If a court finds the requisite degree of causation and no intervening independent act, it must consider one final inquiry. Though there may be a causal link between use of the car and the injury, the court must determine what type of "use" of the automobile was involved. In Classified Ins. Corp. v. Vodinelich, 368 N.W.2d 921, 923 (Minn.1985), we explained that coverage should exist only for injuries resulting from use of an automobile for transportation purposes. Thus in Vodinelich we denied coverage where insured's children were accidentally asphyxiated when their mother used the vehicle to commit suicide in the garage of their home. See also Waldbillig v. State Farm Mutual Auto. Ins. Co., 321 N.W.2d 49 (Minn.1982) (plaintiff injured by defective engine in back of parked pickup truck not covered because truck not being used as a vehicle).
Applying this to the facts of the present case, we initially conclude that the requisite degree of causation exists between Klug's injuries and Bahe's use of the car. It is apparent Bahe's car was an "active accessory" to the assault; Bahe used his car to keep up with Klug for over 2 miles in order to try and shoot Klug.
We also conclude that no act of independent significance occurred to break the causal link; Bahe's actions of driving and shooting were inextricably linked. Had Bahe used his vehicle to drive ahead of Klug, left his vehicle, and shot Klug from the side of the road, we might have found an intervening act. Under the circumstances of this case, however, we hold that the causal link between Klug's injuries and the use of the car was not broken.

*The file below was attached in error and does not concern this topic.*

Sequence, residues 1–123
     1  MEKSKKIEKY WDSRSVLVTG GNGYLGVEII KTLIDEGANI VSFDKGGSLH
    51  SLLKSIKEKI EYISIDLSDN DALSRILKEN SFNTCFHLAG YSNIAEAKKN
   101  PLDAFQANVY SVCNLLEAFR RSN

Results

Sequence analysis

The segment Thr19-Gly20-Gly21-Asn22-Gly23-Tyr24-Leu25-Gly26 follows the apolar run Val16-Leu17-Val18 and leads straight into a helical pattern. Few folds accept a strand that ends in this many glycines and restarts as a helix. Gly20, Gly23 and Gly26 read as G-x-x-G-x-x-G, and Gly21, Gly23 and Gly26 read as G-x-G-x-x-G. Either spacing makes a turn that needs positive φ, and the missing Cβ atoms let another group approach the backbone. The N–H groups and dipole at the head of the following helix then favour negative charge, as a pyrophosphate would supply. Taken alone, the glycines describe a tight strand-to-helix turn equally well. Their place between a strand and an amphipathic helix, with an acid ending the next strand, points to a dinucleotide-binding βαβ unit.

Finally, we conclude that Bahe was using his car for motoring purposes. Bahe used his vehicle as more than just a gun rest see Nat'l Farmers Union Property and Cas. Co. v. Gibbons, 338 F. Supp. 430 (D.N. D.1972) he also used it to drive alongside Klug to assault him. Indeed, Bahe used his car not only to maneuver himself into a *879 position to harm Klug but also to maneuver Klug into a position from which Klug could be harmed.
We conclude that Klug's injuries arose out of the use of uninsured motorist Bahe's automobile. We do not address or decide the issue of whether an "accident" occurred within the terms of the policy, which covers injuries for "accidents" arising out of maintenance or use of a motor vehicle. Because of its decision, the court of appeals did not reach this issue. In view of our holding, we remand to the court of appeals for further proceedings.
The decision of the court of appeals is reversed and remanded to the court of appeals for further proceedings.
POPOVICH, J., took no part in the consideration or decision of this case.